Immersive Contests: Finding the Balance Between Brand Engagement and Overload – Event Marketer

Immersive Contests: Finding the Balance Between Brand Engagement and Overload – Event Marketer

Immersive Contests: Finding the Balance Between Brand Engagement and Overload

Perhaps it’s the success of American Idol and Dancing with the Stars those months-long contests that demand participants give it their hearts and souls. Those shows’ stellar ratings just might be the reason more brands are engineering long-term live events that ask consumers to devote their time energy and creativity sometimes for weeks or even months.

Two of the latest examples: Hyundai Motor Co. got consumers who registered for its Mash and Seek Challenge to use any means possible to find three other participants in the game; and Verizon targeted New Jersey customers with a cyber scavenger hunt.

Given the effort and time commitment these initiatives require how do experiential marketers find the balance between full involvement and branded overload? By riding the line kid.

To drive buzz for the Elantra sedan Hyundai invited consumers to becomes sleuths. Applicants registered online and the company randomly chose 16 finalists who were divided into teams of four. Hyundai sent each participant a composite photo mash up of the three other team members’ faces and sent them on their mission: find those teammates.
Players could answer weekly Hyundai quiz questions to get additional clues and the members of the first team to find each other each won a new Elantra.
The automaker’s hope was that basing the contest on YouTube MySpace and other social networking tools would lure a certain kind of virally-connected consumer whose participation would generate exponential talk value for the brand.
“In order for these teams to succeed they have to be very publicly viral ” says Kathy Faith the brand’s national manager-experiential marketing.
To connect with game-minded consumers Hyundai ditched the traditional sweepstakes approach and instead sent street teams to independent music and film festivals armed with interactive puzzle-style brochures.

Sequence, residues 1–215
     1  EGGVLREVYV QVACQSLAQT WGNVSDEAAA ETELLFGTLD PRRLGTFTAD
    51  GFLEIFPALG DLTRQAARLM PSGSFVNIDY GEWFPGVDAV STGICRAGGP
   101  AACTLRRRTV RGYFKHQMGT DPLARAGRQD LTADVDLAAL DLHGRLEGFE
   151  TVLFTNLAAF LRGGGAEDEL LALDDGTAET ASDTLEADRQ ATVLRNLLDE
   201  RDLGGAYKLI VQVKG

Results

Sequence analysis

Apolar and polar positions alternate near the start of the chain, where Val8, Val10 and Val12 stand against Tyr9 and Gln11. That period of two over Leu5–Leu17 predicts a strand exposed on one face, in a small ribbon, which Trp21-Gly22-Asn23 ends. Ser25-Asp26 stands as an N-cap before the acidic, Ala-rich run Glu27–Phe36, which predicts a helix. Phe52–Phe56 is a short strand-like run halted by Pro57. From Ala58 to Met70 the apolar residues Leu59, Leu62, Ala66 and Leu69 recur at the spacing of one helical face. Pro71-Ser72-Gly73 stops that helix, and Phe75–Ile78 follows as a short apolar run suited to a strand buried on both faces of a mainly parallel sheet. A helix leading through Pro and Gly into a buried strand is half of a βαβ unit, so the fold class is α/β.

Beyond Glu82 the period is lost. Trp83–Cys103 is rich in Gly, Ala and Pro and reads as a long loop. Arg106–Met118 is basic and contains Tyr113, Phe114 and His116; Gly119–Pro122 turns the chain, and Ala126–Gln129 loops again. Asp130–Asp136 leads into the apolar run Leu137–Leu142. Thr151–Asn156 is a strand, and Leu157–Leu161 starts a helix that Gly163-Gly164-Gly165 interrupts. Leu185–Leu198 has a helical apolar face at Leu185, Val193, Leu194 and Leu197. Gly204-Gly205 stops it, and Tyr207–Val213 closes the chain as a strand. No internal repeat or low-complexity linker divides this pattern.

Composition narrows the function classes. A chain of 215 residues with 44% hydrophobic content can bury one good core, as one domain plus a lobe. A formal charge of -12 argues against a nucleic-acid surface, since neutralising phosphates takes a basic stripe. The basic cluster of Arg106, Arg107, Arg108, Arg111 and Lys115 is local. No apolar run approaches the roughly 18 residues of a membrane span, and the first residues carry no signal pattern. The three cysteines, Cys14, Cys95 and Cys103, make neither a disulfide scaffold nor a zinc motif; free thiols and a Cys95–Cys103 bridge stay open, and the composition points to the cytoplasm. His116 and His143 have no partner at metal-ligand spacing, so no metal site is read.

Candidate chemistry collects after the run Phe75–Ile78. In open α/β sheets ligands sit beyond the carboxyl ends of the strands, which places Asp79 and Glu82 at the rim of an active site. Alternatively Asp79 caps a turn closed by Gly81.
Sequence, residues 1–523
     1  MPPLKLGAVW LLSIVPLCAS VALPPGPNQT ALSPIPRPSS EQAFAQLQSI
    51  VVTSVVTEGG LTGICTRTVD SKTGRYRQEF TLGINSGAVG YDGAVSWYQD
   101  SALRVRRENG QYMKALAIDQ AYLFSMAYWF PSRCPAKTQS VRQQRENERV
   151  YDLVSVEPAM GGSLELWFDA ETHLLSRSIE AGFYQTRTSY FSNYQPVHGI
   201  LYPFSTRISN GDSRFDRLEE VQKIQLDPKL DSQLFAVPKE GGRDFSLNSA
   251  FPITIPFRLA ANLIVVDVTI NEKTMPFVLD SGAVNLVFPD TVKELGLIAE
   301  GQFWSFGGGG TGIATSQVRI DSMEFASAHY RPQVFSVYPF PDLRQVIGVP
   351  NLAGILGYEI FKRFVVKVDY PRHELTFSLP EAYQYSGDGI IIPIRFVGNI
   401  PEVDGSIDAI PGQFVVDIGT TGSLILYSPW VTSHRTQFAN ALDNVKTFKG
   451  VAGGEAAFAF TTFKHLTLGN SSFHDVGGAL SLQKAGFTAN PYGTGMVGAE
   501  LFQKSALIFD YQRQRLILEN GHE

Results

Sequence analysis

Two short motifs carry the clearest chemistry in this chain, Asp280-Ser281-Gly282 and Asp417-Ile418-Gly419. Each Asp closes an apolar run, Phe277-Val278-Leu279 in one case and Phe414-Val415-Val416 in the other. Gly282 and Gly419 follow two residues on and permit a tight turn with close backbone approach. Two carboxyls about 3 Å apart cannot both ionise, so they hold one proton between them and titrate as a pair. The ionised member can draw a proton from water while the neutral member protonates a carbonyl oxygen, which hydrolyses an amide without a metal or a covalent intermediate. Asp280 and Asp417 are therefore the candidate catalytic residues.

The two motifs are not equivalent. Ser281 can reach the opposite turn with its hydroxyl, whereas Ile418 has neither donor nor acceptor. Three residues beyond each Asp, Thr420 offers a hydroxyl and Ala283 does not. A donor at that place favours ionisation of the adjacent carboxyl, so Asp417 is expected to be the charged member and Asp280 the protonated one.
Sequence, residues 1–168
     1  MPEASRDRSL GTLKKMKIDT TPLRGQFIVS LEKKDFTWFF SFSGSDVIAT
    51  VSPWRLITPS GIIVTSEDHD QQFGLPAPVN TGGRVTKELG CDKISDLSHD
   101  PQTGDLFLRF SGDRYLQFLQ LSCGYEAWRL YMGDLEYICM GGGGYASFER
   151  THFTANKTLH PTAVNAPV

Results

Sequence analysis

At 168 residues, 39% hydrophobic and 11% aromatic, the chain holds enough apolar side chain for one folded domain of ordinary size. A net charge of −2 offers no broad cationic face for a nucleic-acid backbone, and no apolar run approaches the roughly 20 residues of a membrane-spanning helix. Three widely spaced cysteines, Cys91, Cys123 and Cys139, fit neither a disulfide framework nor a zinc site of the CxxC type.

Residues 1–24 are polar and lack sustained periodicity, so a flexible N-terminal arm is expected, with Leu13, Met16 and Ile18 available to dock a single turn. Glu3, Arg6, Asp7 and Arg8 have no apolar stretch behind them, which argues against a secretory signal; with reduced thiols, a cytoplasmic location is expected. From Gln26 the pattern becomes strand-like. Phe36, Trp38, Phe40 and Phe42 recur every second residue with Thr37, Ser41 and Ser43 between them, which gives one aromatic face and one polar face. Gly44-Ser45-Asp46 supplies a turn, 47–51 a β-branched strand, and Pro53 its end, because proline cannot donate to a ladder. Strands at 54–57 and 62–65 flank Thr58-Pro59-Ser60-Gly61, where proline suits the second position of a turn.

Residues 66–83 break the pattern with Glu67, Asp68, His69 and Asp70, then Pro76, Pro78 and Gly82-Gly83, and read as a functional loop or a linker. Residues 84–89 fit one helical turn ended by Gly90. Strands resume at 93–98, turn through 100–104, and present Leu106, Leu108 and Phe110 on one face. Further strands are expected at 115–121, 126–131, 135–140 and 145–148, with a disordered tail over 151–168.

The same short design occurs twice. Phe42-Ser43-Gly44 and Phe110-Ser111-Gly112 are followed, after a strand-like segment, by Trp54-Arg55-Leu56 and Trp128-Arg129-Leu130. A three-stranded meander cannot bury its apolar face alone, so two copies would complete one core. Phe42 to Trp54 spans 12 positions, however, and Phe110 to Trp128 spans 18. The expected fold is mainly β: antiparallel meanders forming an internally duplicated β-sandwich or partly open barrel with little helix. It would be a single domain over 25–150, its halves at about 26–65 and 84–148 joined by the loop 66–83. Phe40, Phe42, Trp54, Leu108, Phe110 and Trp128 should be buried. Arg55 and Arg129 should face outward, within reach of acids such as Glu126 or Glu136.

“By not being overtly commercial and not shouting at them we believe [consumers] give us credit and in turn are willing to spend the extra time to play and hopefully win the cars ” says Faith.

Verizon’s aptly-named Online Scavenger Hunt challenged consumers to visit various sites within their hometowns photograph themselves with different Verizon products and submit the pictures to a web site for the chance to win an HDTV or video iPod.
The locally focused campaign was a translation of the brand’s Ultimate Eye Candy promotion which got consumers to submit video testimonials about their favorite sports cars games or celebs.
The company hired Survivor contestant and New Jersey native Stephanie LaGrossa to host an interactive online game which awarded points to the best video submissions. Four hundred people competed and 2 000 registered on the site.
Mark Adams Verizon’s director-marketing says keeping the event component locally focused was the key to success. “You engage that state pride that community pride ” he says. “New Jerseyans don’t think of themselves as Philadelphians or as New Yorkers yet that’s how they’re addressed by most corporations.”
Verizon leveraged with media buys on New Jersey’s most popular web sites and street teams at train stations and malls. Like the Hyundai campaign Verizon’s contest spurred viral buzz because the winner launched an extensive email campaign to encourage friends to vote for him. Says Adams: “You don’t get that kind of engagement when you do it on a broader scale.”


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Jessica Heasley
Posted by Jessica Heasley

Jessica worked for more than 15 years in marketing and events before joining Event Marketer in 2007. She earned her master’s degree from t he Columbia University Graduate School of Journalism and her bachelor’s from the University of Washington (go Huskies!). Her last gig before coming to Red 7 was at Psychology Today magazine. Her proudest professional accomplishments include fixing a branded 1972 VW bus accelerator pump on the side of a highway in South Carolina with a paper clip and some string the night before a 30-city college tour; convincing Dr. Laura that she wasn’t writing a piece about lusty event marketers having lurid affairs on the road (which she kind of was); and, while at an independent film dot-com called AtomFilms, using about fifty bucks worth of chocolate chip cookies and a couple gallons of milk to lure film festival attendees away from Steven Spielberg’s (now defunct) big budget “Pop! Multimedia” booth to her company’s tiny living room event space. Although she is a native of Seattle, she never once owned an umbrella or rain boots until she moved to Brooklyn, where she currently resides with her husband and daughter. She was born in Everett, WA, home of the pulp mill.
View all articles by Jessica Heasley →

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